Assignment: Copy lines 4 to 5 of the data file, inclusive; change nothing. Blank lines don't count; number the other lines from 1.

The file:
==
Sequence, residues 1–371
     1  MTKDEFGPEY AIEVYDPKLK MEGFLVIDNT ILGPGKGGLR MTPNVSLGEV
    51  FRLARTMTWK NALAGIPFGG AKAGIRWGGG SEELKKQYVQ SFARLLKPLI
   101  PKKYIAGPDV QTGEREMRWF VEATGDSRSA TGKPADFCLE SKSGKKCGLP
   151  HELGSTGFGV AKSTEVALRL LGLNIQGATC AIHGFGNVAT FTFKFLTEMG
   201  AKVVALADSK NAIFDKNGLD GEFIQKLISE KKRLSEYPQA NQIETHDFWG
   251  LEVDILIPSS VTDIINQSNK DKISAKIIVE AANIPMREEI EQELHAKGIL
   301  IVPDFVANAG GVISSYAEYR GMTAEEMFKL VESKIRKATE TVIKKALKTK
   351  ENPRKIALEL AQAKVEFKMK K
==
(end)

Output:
   101  PKKYIAGPDV QTGEREMRWF VEATGDSRSA TGKPADFCLE SKSGKKCGLP
   151  HELGSTGFGV AKSTEVALRL LGLNIQGATC AIHGFGNVAT FTFKFLTEMG